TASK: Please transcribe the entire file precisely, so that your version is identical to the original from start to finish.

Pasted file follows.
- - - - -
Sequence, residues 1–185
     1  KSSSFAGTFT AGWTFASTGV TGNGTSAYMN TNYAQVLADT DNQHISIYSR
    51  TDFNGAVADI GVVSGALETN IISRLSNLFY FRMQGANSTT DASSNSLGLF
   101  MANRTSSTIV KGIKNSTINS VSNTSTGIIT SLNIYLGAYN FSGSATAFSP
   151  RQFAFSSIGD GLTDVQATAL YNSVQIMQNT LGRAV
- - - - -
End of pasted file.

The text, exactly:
Sequence, residues 1–185
     1  KSSSFAGTFT AGWTFASTGV TGNGTSAYMN TNYAQVLADT DNQHISIYSR
    51  TDFNGAVADI GVVSGALETN IISRLSNLFY FRMQGANSTT DASSNSLGLF
   101  MANRTSSTIV KGIKNSTINS VSNTSTGIIT SLNIYLGAYN FSGSATAFSP
   151  RQFAFSSIGD GLTDVQATAL YNSVQIMQNT LGRAV